Outside of Kampala, a rehabilitation center known as the Comprehensive Rehabilitation Services for Uganda (CoRSU) is doing extraordinary work. By bringing together doctors, volunteers and donations from around the globe they’ve established the first and only rehabilitation center for disabled children in the country.
At CoRSU the focus is on abilities, not disabilities.
Disabled children often refrain from socializing because of their disabilities, further stigmatizing them, Kampala, Uganda, Nov. 13, 2014. (Elizabeth Paulat/VOA)
On a lush grassy lawn outside the main hospital, a mix of current and former patients take center stage, competing in a round of sports games and silly dances. The theme of the day being: Let Them Play. For children with missing limbs, deformities and trauma this is a rare event.
The purpose is to raise money for a new playground and sports field. They want to transform their old playground into an area that’s friendly to all sorts of disabilities, whether it’s missing limbs or limited movement.
Life for the disabled in Uganda is difficult, but for children it can be devastating.
Christine Tusiime, the principal physiotherapist at CoRSU, describes the challenges facing the disabled here.
“It stops them from playing like other kids, from socializing with other people," she said. "And usually when they tried to socialize, they are then stigmatized or called names depending on their disability… Of course from that, they tend to get low self-esteem, so they stop socializing and then they have psychological issues and challenges that come out from not being able to interact with kids their age, not being able to play, and generally not being able to go to school… Even if the parents wanted to take them out, to the theater, to the museum, it’s very hard to do that because they can’t access the structures that are there."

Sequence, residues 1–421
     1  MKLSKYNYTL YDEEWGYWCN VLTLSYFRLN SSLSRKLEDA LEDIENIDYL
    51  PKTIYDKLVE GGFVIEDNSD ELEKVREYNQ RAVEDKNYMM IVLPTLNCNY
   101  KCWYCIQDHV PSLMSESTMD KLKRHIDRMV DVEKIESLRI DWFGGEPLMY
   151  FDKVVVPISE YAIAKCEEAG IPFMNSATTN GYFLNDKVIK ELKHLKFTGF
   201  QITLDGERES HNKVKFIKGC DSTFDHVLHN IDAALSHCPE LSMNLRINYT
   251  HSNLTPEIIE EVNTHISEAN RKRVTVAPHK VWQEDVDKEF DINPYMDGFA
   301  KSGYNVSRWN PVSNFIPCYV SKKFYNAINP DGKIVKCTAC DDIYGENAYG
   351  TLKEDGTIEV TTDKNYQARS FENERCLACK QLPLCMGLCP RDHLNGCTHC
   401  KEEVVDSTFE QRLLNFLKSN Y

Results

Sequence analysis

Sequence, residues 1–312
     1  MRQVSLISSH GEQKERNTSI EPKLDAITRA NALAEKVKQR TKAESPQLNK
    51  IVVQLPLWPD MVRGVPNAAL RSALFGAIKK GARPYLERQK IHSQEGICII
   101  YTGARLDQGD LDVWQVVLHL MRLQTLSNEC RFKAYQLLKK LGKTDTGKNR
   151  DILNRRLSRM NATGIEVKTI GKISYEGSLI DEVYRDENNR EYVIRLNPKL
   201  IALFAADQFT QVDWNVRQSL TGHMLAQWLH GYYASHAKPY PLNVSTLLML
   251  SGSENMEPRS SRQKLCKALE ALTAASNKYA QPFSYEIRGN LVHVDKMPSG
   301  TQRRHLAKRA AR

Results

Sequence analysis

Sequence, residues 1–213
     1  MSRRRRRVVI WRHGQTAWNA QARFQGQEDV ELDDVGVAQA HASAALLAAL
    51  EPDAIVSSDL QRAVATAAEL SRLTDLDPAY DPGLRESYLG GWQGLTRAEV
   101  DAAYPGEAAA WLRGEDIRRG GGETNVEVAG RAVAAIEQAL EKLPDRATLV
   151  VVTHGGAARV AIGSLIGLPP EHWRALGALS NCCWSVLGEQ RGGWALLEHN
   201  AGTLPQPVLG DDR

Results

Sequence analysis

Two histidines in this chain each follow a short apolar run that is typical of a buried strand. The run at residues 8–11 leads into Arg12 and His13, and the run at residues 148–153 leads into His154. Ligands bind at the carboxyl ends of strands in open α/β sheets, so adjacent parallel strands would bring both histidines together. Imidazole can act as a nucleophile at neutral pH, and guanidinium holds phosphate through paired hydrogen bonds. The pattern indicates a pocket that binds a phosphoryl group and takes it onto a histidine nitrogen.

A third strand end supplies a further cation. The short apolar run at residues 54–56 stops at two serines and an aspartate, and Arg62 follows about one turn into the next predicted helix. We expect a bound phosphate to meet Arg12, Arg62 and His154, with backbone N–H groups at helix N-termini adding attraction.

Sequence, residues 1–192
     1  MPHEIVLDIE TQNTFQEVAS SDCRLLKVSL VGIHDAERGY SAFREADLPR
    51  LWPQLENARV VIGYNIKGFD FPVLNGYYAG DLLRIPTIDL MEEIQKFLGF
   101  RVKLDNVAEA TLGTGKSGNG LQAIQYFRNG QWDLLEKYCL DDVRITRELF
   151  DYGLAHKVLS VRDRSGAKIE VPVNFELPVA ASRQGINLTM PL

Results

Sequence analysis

CoRSU treats patients from all over Uganda, and some surrounding countries, including South Sudan and the DRC.
Inside the compound there are surgical theaters, therapy rooms, dorms and even a primary school. Therapies can last from a few days to a couple months. They also integrate support groups for parents and families, who sometimes have trouble understanding the disability.
The employees at CoRSU take immense pride in what they do.
Moses Dennis Kaweesa, a prosthetics technologist, grew up with a family member who had lost a leg and it spurred his interest in prosthetic development. He says children, by far, are some of his favorite clients.
“If you don’t walk and then end up walking… especially kids they don’t take long when you fit them," he said. "One, two days and they’re running… It’s really interesting to see them walking… When they leave they smile and they give the happiness and they get to do new things, running and playing. It gives me courage day by day.”
CoRSU receives no funding from the government and relies primarily on the kindness of donors, most of which come from abroad. They supplement their income by providing pharmacy, X-ray and laboratory services to the neighborhoods surrounding them. They are hoping that in the future a self-sustaining practice will be possible.